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Apple Teases 230 New Emoji in Celebration of World Emoji Day

5 minute read

July 17 marks World Emoji Day and in celebration, Apple teased a set of new emoji it will release with the next iOS update, 13.0, this fall. As July 17 is the date shown on the calendar emoji, it’s only fitting.

Emoji have gone beyond being a simple way to communicate emotions to a fully-fledged cultural phenomenon. The word ’emoji’ was an Oxford Dictionary Word-of-the-Year winner in 2015. And they were even turned into a 2017 movie that generated over $200 million.

What emoji will Apple release next?

Over 200 emoji are set to be released with the 13.0 update, according to emoji blog Emojipedia. This upcoming collection will have a large focus on inclusion and accessibility. Some of the upcoming emoji will include people who use hearing aids, wheelchairs, guide dogs and people with prosthetic limbs.

Previously, emoji featuring more than one person were the default yellow but with the upcoming update, users can now select the skin tone along with the gender of couples holding hands to include those who are in interracial relationships. Some of the other emoji featured in the upcoming launch include a sari, falafel, flamingo and the much-anticipated waffle.

It is safe to say emoji are here to stay but where did they originate?

What’s the history of emoji?

The origins of the word ’emoji’ are Japanese, where it translates to “picture character.” But long before the emoji, however, there was the emoticon. According to Encyclopedia Brittanica, the emoticon originated in 1982 at Carnegie Mellon University where Dr. Scott E. Fahlman asked that jokes and serious topics on an online message board be depicted with either smiling face :-) or frowning face emoticons :-( to represent intent. The symbols spread beyond Carnegie Mellon and entered the realms of internet chatrooms and websites.

The first creation of the emoji we know and use today was created by Japanese artist Shigetaka Kurita in 1999. He only had 144 pixels to use to make his original sketches, he tells CNN in an interview. He said he created the emoji to create an efficient flow of information for those working at a telecommunications company in Japan, creating 176 designs in the process.

At first, the emoji only circulated in Japan with other media competitors stealing the concept to create emoji for their own use. It wasn’t until the late 2000s when American companies like Apple and Google saw the role that emoji could play.

Classic emoji like the crying with joy, red heart and thumbs-up emoji typically rank among the most used on Twitter. There is no way to measure what emoji are most widely used over texts. However, every July 17, Emojipedia announces the World Emoji Awards, and gives them to the emoji from the latest update with the most page visits on the blog’s site. This year’s winner was the smiling face with hearts emoji, followed by the pleading face and woozy face emoji.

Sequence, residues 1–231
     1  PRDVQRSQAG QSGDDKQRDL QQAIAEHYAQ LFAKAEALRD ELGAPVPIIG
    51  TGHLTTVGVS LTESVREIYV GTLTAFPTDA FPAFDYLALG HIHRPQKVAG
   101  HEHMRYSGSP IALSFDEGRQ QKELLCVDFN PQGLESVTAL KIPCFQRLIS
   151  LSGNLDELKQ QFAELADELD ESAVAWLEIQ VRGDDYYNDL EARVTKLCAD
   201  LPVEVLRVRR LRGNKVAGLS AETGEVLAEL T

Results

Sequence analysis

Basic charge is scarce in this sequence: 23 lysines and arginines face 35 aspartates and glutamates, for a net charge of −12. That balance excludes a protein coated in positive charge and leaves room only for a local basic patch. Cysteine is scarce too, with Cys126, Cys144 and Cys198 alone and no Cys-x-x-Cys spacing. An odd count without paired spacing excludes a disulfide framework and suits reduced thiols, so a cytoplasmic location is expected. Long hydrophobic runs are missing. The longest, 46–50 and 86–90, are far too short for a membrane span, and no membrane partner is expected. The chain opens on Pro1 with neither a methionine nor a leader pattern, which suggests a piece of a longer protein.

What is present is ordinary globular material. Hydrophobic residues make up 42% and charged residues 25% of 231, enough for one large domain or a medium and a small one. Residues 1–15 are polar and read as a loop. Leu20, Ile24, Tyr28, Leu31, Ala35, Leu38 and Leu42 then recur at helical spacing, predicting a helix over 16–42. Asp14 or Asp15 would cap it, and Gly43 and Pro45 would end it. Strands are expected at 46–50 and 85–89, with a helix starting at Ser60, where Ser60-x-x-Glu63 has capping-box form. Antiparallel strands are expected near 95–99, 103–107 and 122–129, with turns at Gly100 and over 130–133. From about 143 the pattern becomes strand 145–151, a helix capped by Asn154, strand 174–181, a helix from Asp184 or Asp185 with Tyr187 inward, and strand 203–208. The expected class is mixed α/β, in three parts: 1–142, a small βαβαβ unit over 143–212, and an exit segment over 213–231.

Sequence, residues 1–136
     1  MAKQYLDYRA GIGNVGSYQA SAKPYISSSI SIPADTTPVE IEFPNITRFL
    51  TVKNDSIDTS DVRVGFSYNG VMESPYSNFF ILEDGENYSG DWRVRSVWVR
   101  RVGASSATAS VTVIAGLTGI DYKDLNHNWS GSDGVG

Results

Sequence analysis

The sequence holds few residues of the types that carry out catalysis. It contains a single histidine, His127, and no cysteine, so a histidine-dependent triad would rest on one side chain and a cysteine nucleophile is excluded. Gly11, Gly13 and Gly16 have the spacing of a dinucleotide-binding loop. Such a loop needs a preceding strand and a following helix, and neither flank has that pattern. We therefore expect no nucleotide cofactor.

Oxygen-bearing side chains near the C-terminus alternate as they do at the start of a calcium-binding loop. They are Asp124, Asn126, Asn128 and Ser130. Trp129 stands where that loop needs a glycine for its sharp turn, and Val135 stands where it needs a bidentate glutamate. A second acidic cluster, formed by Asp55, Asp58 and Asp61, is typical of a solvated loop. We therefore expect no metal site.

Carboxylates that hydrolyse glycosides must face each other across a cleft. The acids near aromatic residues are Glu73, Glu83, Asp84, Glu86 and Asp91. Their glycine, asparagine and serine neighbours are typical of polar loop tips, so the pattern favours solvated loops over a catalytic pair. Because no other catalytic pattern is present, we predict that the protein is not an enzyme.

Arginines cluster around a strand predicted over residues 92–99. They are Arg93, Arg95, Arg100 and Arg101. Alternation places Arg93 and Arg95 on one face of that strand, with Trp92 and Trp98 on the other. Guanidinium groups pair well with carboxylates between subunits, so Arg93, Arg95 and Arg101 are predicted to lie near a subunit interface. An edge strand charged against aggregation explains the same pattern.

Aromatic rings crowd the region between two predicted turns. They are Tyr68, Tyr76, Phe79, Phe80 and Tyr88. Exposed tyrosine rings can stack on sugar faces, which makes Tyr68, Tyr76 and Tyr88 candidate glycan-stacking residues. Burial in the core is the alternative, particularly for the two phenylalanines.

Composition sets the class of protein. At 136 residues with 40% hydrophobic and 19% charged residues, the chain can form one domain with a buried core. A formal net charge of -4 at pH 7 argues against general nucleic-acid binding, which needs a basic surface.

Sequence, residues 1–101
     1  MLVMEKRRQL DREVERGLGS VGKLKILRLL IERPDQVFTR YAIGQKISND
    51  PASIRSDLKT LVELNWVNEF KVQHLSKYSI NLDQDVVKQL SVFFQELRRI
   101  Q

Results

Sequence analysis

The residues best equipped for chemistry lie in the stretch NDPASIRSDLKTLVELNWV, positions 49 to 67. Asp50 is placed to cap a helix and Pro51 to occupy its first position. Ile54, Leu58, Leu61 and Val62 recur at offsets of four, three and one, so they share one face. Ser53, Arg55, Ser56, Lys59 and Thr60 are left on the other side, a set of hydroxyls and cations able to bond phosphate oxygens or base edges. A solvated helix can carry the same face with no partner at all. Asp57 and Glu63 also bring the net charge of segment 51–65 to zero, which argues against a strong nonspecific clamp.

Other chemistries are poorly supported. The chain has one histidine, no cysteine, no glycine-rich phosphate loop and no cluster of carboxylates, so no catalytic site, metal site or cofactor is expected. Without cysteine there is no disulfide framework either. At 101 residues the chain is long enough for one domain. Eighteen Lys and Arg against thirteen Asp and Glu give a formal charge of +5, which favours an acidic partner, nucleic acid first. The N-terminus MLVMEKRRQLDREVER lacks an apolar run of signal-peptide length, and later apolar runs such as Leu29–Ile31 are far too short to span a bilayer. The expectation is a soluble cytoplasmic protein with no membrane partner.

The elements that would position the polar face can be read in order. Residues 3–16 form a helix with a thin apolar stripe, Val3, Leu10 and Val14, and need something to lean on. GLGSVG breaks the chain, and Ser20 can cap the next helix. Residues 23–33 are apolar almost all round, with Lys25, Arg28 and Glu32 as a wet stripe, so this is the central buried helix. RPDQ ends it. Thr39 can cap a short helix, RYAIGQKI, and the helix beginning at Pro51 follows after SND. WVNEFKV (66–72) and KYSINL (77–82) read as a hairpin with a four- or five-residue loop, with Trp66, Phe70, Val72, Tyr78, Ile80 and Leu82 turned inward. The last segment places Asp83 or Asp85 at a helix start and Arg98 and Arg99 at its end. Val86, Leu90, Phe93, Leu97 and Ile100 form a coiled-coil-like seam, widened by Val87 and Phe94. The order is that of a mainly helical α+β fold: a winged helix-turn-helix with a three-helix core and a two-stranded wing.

While emoji can capture a myriad of emotions with one image, many emoji have been misinterpreted from their original meanings. With emoji originating from Japan, some don’t always translate. What many people know as the praying emoji, or even less commonly the high-five emoji, is actually neither. The actual meaning behind the 🙏 emoji is supposed to represent the thank-you gesture in Japanese culture.

Many interpret the 😪 emoji as a sad or tired person with a tear falling from their eye, but the “sleepy face” emoji represents a person who is falling asleep, with the “teardrop” actually being mucus. Grossed out? Well, this is a common depiction in Japanese culture.

What are some of the most controversial emoji?

Apple isn’t perfect and iOS users have no trouble pointing out when an emoji doesn’t meet their criteria.

Arguably the most controversial emoji created was the handgun. Bringing attention to mass shootings and police brutality, more people criticized the need for the handgun emoji. In 2015, a middle school student faced felony charges for sending an Instagram comment that read “Watch out, I’m coming” followed by a gun, a knife and a bomb emoji. Additionally, a French man who was sentenced to three months in jail for sending his girlfriend a “death threat by image” by using the emoji. In the midst of Apple’s effort to offer broader, more inclusive emoji in its collection, the handgun was replaced with a squirt gun.

The bagel emoji also sparked a controversy of its own as many users complained about the manufactured appearance and the lack of cream cheese on the bagel. Cream cheese manufacturer Philadelphia started a petition for Apple to change the “dry, sad bagel emoji.” Nearly 1,300 people stood in signed the petition with one supporter commenting “Bagels without cream cheese is a sin against mankind.”

Apple listened to the cream cheese fans and updated the emoji with a healthy schmear of cream cheese and a more detailed bagel.

Apple and the Unicode Consortium, the company in charge of emoji design and development, faced similar criticism with the original launch of the lobster emoji. Most lobster lovers and Mainers were thrilled that the crustacean would be a part of the emoji lineup, including Maine Sen. Angus King who tweeted his excitement.

Others, however, were quick to point out that the emoji was anatomically incorrect with the lobster missing its two back legs and the tail being misshapen. Once the uproar brought it to Unicode’s attention, the lobster was redesigned.

On Twitter, users are taking celebrating World Emoji Day by sharing riddles, art and even the week’s forecast in, you guessed it, emoji.


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Write to Nadia Suleman at nadia.suleman@time.com